• Family/Friend Relationships can be tricky in the beginning of the diet. No matter how close you are with your extended family or your friends and no matter how supportive they have been, it can be difficult for them to really grasp the benefits of ketogenics. They are not in the daily trenches of it and yet they will see the crying and the tantrums that go along with ripping a child away from his/her normal food habits. It can be tough. Just continue to reassure them of the positive possibilites with the Diet. Let them know the boundaries right away. Make it completely clear that if they give your child ANY food, it could cause seizures. Be honest, be strict and be clear!
  • For awhile, avoid eating desserts in front of your child. Do not allow family members to "pig out" in front of your Keto Kid. Until the new life patterns of eating are solid for your Keto Kid provide some support by pointing out dietary decisions that you make in your own life. "Mommy doesn't eat cookies anymore either. They are too much sugar for my body." or "You lucky kid, I wish I could eat cream cheese like you. I love it but it is too rich for me." Make sure that if you're at a family event (birthday party or school picnic, etc) that one parent skips the yummy dessert stuff and helps the Keto Kid to stay occupied away from their family.
  • It's okay to stick with only a couple of meals that your kid likes. You don't have to create a new cookbook. Creating a few "favorites" and using them for as long as possible is great. The reason it is great is because you want to eliminate the variables that might negatively affect seizure control. In the beginning, if your child's Keto diet is simply constructed, you can more easily work with your dietitian for seizure control. You can automatically rule out a food conflict. Some of the adjustments that will be made are ratio, caloric intake, water intake, supplements, etc.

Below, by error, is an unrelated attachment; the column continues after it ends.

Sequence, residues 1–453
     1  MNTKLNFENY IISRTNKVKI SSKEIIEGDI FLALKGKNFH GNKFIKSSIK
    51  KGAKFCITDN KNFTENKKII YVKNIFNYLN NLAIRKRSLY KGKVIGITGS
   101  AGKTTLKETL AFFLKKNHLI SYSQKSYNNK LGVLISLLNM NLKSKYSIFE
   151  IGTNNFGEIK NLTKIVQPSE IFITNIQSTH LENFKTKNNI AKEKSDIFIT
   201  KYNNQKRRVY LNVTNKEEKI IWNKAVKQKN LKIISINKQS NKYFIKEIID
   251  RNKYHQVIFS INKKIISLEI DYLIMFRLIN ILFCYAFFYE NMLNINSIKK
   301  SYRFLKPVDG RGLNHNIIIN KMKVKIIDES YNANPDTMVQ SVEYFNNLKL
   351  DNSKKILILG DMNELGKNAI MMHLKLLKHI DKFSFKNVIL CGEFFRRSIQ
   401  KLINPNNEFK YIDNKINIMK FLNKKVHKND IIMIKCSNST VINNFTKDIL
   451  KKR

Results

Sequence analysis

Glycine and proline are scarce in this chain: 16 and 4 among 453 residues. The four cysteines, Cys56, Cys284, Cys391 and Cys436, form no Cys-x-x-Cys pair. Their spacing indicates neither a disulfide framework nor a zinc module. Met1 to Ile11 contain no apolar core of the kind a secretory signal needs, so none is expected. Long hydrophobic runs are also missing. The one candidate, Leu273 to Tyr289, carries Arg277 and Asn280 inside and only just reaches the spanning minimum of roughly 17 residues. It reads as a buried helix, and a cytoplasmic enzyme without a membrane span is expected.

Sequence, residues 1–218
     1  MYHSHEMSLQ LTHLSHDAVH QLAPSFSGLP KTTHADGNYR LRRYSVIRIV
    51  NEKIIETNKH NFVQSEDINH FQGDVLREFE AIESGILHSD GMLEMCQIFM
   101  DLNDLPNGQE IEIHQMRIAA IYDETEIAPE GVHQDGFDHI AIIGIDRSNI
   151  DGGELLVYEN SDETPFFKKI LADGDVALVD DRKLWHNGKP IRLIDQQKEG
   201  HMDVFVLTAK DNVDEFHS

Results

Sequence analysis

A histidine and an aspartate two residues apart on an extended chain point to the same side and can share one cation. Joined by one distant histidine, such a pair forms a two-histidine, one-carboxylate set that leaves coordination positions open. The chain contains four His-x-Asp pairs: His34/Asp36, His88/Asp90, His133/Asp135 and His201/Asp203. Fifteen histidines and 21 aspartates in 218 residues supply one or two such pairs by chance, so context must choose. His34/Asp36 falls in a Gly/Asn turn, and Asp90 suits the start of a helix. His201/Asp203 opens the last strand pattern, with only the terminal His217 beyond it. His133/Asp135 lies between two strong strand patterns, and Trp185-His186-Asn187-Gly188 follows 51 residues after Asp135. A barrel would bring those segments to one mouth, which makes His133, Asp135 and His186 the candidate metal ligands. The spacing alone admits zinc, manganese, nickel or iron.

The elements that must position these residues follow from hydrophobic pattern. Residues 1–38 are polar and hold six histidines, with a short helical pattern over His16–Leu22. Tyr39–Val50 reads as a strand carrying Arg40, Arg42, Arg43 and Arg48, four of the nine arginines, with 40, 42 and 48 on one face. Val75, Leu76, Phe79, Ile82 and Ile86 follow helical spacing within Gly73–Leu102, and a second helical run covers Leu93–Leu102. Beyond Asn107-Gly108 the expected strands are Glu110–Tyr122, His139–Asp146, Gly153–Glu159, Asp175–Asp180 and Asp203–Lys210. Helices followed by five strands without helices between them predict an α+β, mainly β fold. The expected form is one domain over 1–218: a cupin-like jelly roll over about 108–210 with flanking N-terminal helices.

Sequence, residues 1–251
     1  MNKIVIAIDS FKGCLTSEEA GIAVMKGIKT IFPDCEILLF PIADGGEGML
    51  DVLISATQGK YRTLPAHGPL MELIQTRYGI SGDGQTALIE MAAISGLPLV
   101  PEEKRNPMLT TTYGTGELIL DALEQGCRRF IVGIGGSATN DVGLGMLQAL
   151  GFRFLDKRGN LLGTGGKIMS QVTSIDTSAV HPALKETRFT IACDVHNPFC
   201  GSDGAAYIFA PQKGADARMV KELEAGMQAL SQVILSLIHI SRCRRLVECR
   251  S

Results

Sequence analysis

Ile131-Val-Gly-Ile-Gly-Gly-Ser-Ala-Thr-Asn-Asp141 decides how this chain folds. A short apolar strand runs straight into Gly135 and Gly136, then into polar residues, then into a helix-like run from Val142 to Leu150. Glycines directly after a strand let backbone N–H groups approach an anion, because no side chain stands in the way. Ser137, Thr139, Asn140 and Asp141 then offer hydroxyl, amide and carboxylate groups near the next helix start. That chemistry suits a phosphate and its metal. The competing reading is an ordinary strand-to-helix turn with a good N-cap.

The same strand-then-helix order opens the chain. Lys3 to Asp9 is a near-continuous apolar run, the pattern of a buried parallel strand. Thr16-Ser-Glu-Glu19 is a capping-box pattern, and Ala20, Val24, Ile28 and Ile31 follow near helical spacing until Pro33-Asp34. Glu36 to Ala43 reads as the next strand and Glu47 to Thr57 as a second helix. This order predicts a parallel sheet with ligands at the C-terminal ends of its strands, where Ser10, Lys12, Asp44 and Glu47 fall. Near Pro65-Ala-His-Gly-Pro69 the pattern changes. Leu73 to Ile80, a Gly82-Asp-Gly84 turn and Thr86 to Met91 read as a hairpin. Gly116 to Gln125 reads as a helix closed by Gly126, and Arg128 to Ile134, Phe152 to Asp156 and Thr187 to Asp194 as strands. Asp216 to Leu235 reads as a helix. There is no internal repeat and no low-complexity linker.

• Stay as pure as possible in the food choices. Avoid nitrates, aspartame, maltodextrin. For some children, these are seizure sensitive triggers. It's better to start with all natural items. (It is possible to buy nitrate free bacon;>)
  • Expect your child to be lethargic as their body transitions into Ketosis. This can take up to two weeks. You should see an "awakening" and "alertness" in your child's personality. We saw this within the first week. Report any throwing up to your dietitian immediately. One meal purged is nothing to freak about but more than one in a row can cause problems. A child that becomes too ketotic will become lethargic and continue to throw up. This is not good and you would immediately call your neurologist or Keto dietitian on call at your hospital.
  • Take good notes. My post on 1/28/08 is a sample of the tracking sheet that we use in my home to note specific gravity, urine ketones, meals, seizure activity and extra notes. Create one or copy and print mine. Purchase a three ring binder to organize your ketogenic life. It really helps.
  • Build a good relationship with your dietitian.
  • Be patient with yourself. It's a huge change. Take one day at a time. One meal at a time.
  • Lastly, find some kind of Keto support. Is there a successfull Keto family that lives near you? Ask your Keto Dietitian and Neuro for a reference. I love the Keto Yahoo group. Someone is always awake in some part of the world and will help you with your questions. It has helped me and I support it by helping other families.


©2009 KETO KID | by TNB